"No," Paula gave the obvious answer. "I need to go to Israel."

"Don't say anything to your family in the meantime," the rabbi told her. "You need to be completely comfortable and confident with your decision. Let's wait a week. Take this week to calm down and think your decision over. Talk to your parents in a week. Then we'll see decide what to do. You'll see that people are led in the direction that they want to go."

Paula felt a sense of internal peace. She felt the calm that comes after making a decision.


"Paula," her father said Monday morning after she had time to recover from her "vacation" and organize her things, "I would like to go out with you today. I need to drive to the next town and I thought that I could take the opportunity to spend some time with my daughter."

Paula smiled. "Why not?"

They got into the car. Paula's father sat in the driver's seat and Paula sat in the front passenger seat next to him.

"How was your vacation?" her father asked.

"Very nice," Paula answered, refusing to offer details. "I enjoyed it and I got some rest."

Paula quickly switched the subject and was careful to steer the conversation towards nonpersonal topics. Anything would be better than discussing her "vacation" or her job.

The day passed. Paula was exhausted. She did enjoy their outing, but the emotional strain was severe.

In the evening as they headed toward home, Paula's father suddenly pulled off to the side of the road and parked in a dark corner.

Paula looked puzzled at her father. He shut off the motor, took his hands off the steering wheel and turned to face her.

"Paula," he said, looking straight into her eyes, "Are you happy?"

Paula didn't say anything.

"Are things going well for you? Are you happy with your life?"

Paula sat motionless. Thoughts raced through her mind.

"Wait another week. Then tell your parents about your decision to go to Israel," the rabbi had told her.

Her father looked at her, waiting for an answer.

"Yes," Paula said quietly, trying to prevent herself from crying.

Her father gave her an unusually gentle look. She burst out crying.

"I'm not happy," she said. "I want something different; I'm missing something . . . "

"What do you want?" her father asked.

"I want to live the way a Jew is really supposed to: to keep Shabbos and to keep kosher."

"And what do you need in order to do that?" her father asked.

"I need to go to Israel and study in a seminary." Paula looked hopefully at her father and added, "It's a branch of the Institute for Jewish Studies."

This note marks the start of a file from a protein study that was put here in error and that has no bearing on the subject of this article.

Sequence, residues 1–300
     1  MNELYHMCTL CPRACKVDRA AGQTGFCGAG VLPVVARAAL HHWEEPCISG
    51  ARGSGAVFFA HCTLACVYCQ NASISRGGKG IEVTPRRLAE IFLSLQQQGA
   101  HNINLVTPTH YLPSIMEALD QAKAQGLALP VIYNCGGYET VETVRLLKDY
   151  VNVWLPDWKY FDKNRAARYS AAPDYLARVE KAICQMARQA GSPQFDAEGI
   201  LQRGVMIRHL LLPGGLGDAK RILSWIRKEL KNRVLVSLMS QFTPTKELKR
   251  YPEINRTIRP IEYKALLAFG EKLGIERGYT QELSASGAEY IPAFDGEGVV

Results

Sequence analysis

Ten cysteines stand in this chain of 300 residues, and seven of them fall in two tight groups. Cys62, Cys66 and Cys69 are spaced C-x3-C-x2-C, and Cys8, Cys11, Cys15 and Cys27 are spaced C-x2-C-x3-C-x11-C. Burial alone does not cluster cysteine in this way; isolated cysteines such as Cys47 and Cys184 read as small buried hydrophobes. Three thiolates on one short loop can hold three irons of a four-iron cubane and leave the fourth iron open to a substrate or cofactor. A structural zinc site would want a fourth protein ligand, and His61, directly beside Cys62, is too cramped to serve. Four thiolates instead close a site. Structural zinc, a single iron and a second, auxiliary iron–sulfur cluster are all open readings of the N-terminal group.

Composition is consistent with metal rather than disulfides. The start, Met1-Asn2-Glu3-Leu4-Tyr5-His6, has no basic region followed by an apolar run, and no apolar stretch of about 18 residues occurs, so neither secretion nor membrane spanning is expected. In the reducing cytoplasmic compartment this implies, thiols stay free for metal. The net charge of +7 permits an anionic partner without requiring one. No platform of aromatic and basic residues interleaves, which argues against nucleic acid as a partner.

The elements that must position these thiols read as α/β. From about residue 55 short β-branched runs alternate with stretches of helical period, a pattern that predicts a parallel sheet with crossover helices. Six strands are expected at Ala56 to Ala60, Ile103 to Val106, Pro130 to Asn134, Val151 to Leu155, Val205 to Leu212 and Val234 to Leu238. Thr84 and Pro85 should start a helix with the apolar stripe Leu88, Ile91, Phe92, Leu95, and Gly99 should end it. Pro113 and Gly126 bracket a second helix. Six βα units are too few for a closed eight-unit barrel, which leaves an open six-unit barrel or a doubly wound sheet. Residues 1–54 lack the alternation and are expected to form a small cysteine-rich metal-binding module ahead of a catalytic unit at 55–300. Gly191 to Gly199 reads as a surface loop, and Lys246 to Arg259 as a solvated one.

"When would you like to go?" her father asked.

"The sooner the better," Paula answered.

"Okay," her father said. He turned on the engine and they drove home.


Paula wasn't present during her father's conversation with her mother. She was sleeping then much more calmly than she had slept in a very long time. Everything would be fine; her father had said, "Okay."

Her father asked to speak to her the next day.

"Paula," he said to her, "I spoke with a travel agent and there's a flight available next week. Speak with the rabbi and check that the dates will work out with the seminary in Israel."


Another four years passed. Four wonderful years of learning, growth and spiritual development.

Paula sat on a majestic white throne in the middle of a Jerusalem wedding hall.

Today she would begin building her own home, a home of Torah!

Paula sheds a lot of tears today. They are tears of prayer, happiness and gratitude. Gratitude for the past, the present and hope for the future.

Paula's mother stands at her side; she adjusts her hat with one hand, while the other holds a flaming candle. Tears stream down her cheeks.

Grandma stands next to Paula's mother; she deserves so much credit for helping Paula on her journey. Grandma is also wiping away tears.

And here comes Paula's father. One of his hands grasps the chosson's, while the other holds another candle. He's biting his lip so as not to cry.

Paula doesn't notice any of this. She looks straight ahead while her lips move in prayer.

In her mind's eye she sees a figure with a small yarmulke on his head. She pictures the Jew, the Holocaust survivor, who spoke at Yad Vashem.

"We tried not to break Shabbos," he told them back then, "and when we were forced to, it caused us great pain . . . we were starving . . . there was never enough food . . . we found a bone . . . we spilled the soup outside and only ate bread . . . "

"I am also Jewish," she had thought back then. The same thought crossed her mind now as her family escorted her to the chuppah. "I also keep Shabbos and keep kosher and am careful about the other mitzvos. Thank you, Hashem that the journey ended this way!"